Hesford and Brueggemann describe Subject/Content as everything that appears within the image: the subjects; the contents of the frame; the use of color, light, and shadow; and the story told through the photograph. Audience/Content requests that you consider both the historical and cultural context in which the photograph was created, and the context in which the photograph is being viewed. Finally, Perspective refers to the creator’s framing of their photograph: what angle or perspective did they choose for their subject? What did they choose to include in the frame, and what speculations or inferences can you make about what they left out?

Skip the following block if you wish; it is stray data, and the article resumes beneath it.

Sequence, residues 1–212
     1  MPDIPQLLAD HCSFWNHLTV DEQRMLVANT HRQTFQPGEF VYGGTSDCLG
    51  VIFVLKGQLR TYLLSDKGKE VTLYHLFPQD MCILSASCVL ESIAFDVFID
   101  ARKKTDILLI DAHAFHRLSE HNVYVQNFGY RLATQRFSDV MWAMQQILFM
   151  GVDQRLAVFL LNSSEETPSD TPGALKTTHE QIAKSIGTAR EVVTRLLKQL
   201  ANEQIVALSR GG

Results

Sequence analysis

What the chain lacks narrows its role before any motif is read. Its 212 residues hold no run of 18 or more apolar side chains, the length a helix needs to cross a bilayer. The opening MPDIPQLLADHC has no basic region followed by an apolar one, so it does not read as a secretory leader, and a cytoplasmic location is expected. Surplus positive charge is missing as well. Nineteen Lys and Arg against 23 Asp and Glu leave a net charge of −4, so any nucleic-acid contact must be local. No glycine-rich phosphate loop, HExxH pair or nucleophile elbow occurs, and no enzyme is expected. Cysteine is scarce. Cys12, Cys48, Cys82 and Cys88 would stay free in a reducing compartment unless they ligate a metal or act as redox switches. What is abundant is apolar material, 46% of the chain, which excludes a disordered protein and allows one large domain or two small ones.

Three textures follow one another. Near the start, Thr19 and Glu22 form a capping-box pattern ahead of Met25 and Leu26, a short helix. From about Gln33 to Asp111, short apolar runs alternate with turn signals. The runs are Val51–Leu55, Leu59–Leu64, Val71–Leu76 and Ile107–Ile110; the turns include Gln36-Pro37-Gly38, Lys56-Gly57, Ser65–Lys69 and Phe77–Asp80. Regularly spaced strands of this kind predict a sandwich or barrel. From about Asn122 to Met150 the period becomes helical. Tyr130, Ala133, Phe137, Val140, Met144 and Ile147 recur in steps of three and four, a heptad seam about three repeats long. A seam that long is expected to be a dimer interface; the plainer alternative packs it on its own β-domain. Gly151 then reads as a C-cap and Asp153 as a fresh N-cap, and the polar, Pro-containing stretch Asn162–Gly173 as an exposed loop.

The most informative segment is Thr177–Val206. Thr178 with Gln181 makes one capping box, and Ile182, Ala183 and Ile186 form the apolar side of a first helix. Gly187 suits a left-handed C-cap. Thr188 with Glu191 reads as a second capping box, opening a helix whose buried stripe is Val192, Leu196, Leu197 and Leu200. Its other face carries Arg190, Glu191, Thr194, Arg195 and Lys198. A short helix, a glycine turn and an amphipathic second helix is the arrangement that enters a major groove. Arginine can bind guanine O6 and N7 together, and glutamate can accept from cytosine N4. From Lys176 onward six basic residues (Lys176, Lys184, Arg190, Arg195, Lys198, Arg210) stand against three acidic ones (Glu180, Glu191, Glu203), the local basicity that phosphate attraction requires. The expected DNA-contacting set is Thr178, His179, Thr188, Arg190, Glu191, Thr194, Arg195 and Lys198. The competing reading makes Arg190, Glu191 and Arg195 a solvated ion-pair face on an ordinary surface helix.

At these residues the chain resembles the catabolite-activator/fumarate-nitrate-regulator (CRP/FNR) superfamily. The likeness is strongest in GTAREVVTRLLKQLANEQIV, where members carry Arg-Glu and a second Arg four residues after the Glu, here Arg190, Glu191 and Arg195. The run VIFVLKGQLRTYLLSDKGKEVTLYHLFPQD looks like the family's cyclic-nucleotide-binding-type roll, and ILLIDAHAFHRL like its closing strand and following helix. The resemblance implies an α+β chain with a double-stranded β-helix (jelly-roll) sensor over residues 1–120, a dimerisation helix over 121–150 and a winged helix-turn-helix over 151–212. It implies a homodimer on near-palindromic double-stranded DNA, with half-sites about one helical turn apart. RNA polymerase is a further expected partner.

Reading photographs through a lens like the one described above gives us the ability to extract those oft-mentioned ‘thousand words’ from a photograph whether or not its creator gave any thought to how the photograph would be interpreted. Intentionality on the part of the creator assists us in properly placing a photograph within broader semiotic, cultural, and historical contexts, but we can read even a casual cameraphone snapshot. To take an example from the top of my Instagram feed, consider a photograph of an empty chair with a coat slung over the back of it, with a drink on the table in front of it. The subject matter the photographer has chosen to represent depicts an enjoyable experience. (I’m out and having fun with a friend!) The non-surreptitious angle that the photograph was shot at, and the color of the coat give us insight into cultural mores that apply to the photographer. (Consumption of alcohol is acceptable, as is being with a woman in public and taking photographs—unlike in some cultures, like Afghanistan under Taliban rule.11) Both of these suppositions are further underscored by the casual nature of the snapshot and its lack of intentionality. The photograph represents a pleasant event in the day-to-day life of the photographer, without him trying to make a broader political, cultural, or social statement. Although it’s far easier to infer the meaning and context of a photograph when the photographer metaphorically assaults us with it, even a snapshot can speak volumes if only we choose to listen.